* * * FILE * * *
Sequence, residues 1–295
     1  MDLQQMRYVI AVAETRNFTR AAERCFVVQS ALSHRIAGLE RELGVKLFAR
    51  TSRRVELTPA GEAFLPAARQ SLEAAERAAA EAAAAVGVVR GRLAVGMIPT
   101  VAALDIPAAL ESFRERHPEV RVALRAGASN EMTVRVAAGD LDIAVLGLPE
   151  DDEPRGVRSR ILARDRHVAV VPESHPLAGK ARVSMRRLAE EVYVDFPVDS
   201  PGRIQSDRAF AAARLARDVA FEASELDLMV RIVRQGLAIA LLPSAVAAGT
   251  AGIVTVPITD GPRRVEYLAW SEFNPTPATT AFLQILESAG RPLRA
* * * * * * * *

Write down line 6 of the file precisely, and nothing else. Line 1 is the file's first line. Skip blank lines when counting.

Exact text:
   201  PGRIQSDRAF AAARLARDVA FEASELDLMV RIVRQGLAIA LLPSAVAAGT